FDA approves new orphan drug for chronic myelogenous leukemia
The U.S. Food and Drug Administration today approved Bosulif (bosutinib) to treat chronic myelogenous leukemia (CML), a blood and bone marrow disease that usually affects older adults.
An estimated 5,430 men and women will be diagnosed with CML in 2012. Most people with CML have a genetic mutation, called the Philadelphia chromosome, which causes the bone marrow to make an enzyme called tyrosine kinase. This enzyme triggers the development of too many abnormal and unhealthy white blood cells called granulocytes. Granulocytes fight infection.
Bosulif is intended for patients with chronic, accelerated or blast phase Philadelphia chromosome positive CML who are resistant to or who cannot tolerate other therapies, including imatinib. Bosulif works by blocking the signal of the tyrosine kinase that promotes the development of abnormal and unhealthy granulocytes.
"With the approval of tyrosine kinase inhibitors, we are seeing improvements in the treatment of CML based on a better understanding of the molecular basis of the disease," said Richard Pazdur, M.D., director of the Office of Hematology and Oncology Products in the FDA's Center for Drug Evaluation and Research. "These improvements have been observed in chronic and accelerated phases of CML."
Other drugs recently approved by FDA to treat various forms of CML include imatinib (2001), dasatinib (2006) and nilotinib (2007).
The safety and effectiveness of Bosulif was evaluated in a single clinical trial that enrolled 546 adult patients who had chronic, accelerated or blast phase CML. All patients had disease that progressed after treatment with imatinib or imatinib followed by dasatinib and/or nilotinib, or who could not tolerate the side effects of prior therapy. All patients in the trial were treated with Bosulif.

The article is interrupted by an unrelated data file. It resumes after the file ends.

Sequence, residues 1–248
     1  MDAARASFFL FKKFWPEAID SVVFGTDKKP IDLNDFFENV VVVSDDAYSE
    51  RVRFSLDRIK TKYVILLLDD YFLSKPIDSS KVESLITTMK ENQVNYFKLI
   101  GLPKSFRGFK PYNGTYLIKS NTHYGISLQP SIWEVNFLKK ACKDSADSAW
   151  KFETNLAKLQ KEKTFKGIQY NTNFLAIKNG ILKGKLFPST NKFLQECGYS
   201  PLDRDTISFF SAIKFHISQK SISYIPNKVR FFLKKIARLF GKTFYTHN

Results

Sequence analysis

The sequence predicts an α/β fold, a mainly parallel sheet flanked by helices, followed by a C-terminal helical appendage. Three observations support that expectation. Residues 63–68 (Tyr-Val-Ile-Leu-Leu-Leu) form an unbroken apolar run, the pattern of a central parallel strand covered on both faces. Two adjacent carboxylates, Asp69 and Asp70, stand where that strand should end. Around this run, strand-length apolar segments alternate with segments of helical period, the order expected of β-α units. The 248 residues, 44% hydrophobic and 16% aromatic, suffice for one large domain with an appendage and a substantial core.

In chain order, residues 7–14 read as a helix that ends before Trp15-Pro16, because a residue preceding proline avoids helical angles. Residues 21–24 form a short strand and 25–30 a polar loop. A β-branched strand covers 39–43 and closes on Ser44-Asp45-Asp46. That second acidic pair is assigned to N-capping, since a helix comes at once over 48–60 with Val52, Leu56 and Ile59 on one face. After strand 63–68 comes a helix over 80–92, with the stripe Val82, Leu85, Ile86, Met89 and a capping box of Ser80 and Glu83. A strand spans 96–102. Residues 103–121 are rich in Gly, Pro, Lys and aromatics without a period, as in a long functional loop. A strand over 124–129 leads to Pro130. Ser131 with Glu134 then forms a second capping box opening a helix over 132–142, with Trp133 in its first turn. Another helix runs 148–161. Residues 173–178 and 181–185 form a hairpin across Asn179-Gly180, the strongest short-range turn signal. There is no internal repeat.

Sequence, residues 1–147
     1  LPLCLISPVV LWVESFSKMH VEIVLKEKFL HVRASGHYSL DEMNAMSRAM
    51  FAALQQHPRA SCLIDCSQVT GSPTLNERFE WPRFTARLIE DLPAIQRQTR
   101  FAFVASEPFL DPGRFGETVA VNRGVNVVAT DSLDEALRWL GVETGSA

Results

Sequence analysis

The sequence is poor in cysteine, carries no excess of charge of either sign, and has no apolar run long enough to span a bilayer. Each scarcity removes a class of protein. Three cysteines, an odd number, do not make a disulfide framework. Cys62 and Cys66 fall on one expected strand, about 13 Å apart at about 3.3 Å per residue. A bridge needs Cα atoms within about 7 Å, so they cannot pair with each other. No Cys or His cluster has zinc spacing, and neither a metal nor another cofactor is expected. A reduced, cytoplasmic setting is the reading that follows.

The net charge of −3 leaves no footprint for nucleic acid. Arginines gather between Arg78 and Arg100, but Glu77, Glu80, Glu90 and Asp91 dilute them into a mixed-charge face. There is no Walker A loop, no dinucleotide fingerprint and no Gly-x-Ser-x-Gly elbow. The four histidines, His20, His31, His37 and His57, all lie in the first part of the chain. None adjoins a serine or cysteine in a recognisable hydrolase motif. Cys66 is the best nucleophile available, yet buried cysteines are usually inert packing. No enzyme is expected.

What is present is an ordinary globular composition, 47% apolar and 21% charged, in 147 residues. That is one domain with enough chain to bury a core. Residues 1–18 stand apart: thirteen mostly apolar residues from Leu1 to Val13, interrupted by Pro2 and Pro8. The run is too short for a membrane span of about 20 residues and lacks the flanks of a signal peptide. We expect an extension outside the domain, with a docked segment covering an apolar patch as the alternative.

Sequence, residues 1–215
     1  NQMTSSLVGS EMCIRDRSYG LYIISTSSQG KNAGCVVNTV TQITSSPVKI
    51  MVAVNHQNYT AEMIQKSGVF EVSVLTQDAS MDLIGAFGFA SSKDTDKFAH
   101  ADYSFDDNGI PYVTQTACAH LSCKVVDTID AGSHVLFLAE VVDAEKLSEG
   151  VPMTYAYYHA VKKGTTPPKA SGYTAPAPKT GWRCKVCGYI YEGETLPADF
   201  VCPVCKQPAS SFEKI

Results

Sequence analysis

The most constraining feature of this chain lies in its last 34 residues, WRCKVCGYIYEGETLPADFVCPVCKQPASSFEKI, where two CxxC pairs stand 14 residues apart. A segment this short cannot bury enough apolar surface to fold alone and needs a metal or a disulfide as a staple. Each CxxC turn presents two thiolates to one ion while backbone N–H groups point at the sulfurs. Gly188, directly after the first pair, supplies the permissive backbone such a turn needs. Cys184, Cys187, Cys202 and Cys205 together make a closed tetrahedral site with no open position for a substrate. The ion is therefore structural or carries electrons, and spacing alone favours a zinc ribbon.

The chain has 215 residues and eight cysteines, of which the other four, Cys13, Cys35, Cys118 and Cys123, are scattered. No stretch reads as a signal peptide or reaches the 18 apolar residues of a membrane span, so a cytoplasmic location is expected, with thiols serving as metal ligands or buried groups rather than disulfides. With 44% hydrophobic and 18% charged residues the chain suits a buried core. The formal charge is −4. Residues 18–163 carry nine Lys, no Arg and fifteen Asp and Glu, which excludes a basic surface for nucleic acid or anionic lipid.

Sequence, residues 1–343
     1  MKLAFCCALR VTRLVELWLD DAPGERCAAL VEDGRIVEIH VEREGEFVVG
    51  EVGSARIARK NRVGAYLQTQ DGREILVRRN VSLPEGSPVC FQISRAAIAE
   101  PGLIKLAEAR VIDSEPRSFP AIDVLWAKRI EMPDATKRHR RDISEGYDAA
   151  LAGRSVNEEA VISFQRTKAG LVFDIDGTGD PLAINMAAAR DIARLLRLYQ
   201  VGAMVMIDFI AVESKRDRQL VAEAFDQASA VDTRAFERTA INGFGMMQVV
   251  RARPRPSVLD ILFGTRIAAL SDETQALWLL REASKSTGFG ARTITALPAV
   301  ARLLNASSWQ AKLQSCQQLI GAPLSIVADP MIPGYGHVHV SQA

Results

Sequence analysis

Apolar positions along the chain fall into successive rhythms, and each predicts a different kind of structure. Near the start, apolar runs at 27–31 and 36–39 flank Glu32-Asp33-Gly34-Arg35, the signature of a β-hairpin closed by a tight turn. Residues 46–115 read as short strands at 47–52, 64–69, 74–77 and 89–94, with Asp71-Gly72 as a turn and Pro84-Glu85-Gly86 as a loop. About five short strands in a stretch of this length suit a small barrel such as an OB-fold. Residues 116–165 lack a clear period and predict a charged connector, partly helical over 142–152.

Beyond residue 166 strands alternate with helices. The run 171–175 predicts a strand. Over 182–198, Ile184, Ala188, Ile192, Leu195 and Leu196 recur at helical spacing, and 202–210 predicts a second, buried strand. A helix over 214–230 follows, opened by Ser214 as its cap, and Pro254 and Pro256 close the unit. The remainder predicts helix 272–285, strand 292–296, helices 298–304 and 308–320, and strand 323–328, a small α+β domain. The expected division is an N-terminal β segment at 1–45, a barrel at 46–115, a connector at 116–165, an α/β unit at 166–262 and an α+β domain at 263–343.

In patients with chronic phase CML, efficacy was determined by the number of patients who experienced a major cytogenetic response (MCyR) within the first 24 weeks of treatment. Results showed 34 percent of patients who had been previously treated with imatinib achieved MCyR after 24 weeks. Of the patients who achieved MCyR at any time, 52.8 percent had their response last at least 18 months. Among patients previously treated with imatinib followed by dasatinib and/or nilotinib, about 27 percent achieved MCyR within the first 24 weeks of treatment. Of those who achieved MCyR at any time, 51.4 percent had their MCyR last at least nine months.
In patients with accelerated CML previously treated with at least imatinib, 33 percent had their blood counts that returned to normal range (complete hematologic response) and 55 percent achieved normal blood counts with no evidence of leukemia (overall hematologic response) within the first 48 weeks of treatment. Meanwhile, 15 percent and 28 percent of patients with blast phase CML achieved complete hematologic response and overall hematologic response, respectively.
The most common side effects observed in those receiving Bosulif were diarrhea, nausea, a low level of platelets in the blood (thrombocytopenia), vomiting, abdominal pain, rash, low red blood cell count (anemia), fever and fatigue.
Bosulif is marketed by New York City-based Pfizer.